When offered the chance to propose a “core curriculum” for historical romance, I eagerly accepted, knowing full well the problems I would have narrowing the list to a reasonable length. After long consideration, I have a list (in chronological order)—not of my favorites (although some are books I cherish) but rather twelve books (thanks to a gracious editor who allowed me to include two beyond the desired maximum) that seem to me to be “foundational;” that is, they either illustrate a convention or trope fundamental to historical romance (representative book) or mark a significant change in the subgenre (unique contribution), and they all provide rich material for discussion on key issues.
1. Pride and Prejudice (1813), Jane Austen
Technically, of course, Jane Austen did not write historical romance, but many of the elements familiar to readers of historical romance in the 21st century can be traced to this book. Pamela Regis asserted in A Natural History of the Romance Novel (2003) that “the courtship makes the romance,” and Pride and Prejudice is a courtship book, a courtship that involves a heroine with intelligence and humor who is no beauty but has “fine eyes"; an arrogant, wealthy hero humbled by love; relatives, embarrassing and interfering; a wicked deceiver; a pompous suitor; sisters, dear and not so dear; a best friend; a bungled proposal; appropriate groveling; and a happily ever after ending that includes true love and an enviable income. I’ve only scratched the surface of what romance fiction owes to this book.
2.These Old Shades (1926), Georgette Heyer
Heyer was heavily influenced by Austen, but Heyer was writing historical romance. In fact, she is often called the mother of the historical romance. Almost any of her Georgian or Regency romances could serve to show how pervasive is her influence, but These Old Shades is the book generally credited with launching her career. Justin Alastair, the Duke of Avon, is the prototype of countless heroes whose exploits fill the pages of popular romance novels of the 20th and 21st centuries. Avon is arrogant, seemingly omnipotent and omniscient and more gratified than dismayed to be called Satanas. He is redeemable because the heroine awakens in him the capacity to love deeply. She is, as Heyer has a character say directly, his “salvation.” Heyer uses other elements in These Old Shades that those who followed her would make common in historical romance—a cross-dressing heroine, a best friend who sees good in the harsh hero, a ditzy secondary character—but none is more important than the cynical rake who became a pattern to which other authors would faithfully cut, and sometimes modify, their heroes.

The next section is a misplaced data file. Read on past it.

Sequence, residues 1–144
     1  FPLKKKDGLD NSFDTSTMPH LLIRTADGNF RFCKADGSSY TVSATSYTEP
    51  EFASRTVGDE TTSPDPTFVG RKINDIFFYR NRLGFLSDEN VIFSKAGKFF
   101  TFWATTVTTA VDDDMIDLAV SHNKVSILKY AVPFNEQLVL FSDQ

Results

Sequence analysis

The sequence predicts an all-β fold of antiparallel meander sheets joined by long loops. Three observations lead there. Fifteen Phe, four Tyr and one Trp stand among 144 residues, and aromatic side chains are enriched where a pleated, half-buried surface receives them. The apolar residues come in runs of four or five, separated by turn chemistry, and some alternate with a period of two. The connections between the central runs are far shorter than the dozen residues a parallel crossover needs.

3. The Flame and the Flower (1972), Kathleen Woodiwiss
With the release of The Flame and the Flower, the age of the modern romance began. This paperback original sold more than 2.3 million copies in its first four years. It began the age of the bodice rippers, a term that should be more accurately applied to the dozens of Woodiwiss imitators who made “forcible seduction” standard, but more importantly, the popularity of Woodiwiss’s debut novel showed that women were eager to read about heroines whose sexuality was an explicit part of their characterization. It also proved that a book with two strikes (genre and format) against it in the eyes of critics could reach the bestseller lists. Woodiwiss went on to write another dozen novels before her death in 2007, some of them wildly popular, but The Flame and the Flower stands apart as the romance that started a revolution.
4. Whitney, My Love (1985), Judith McNaught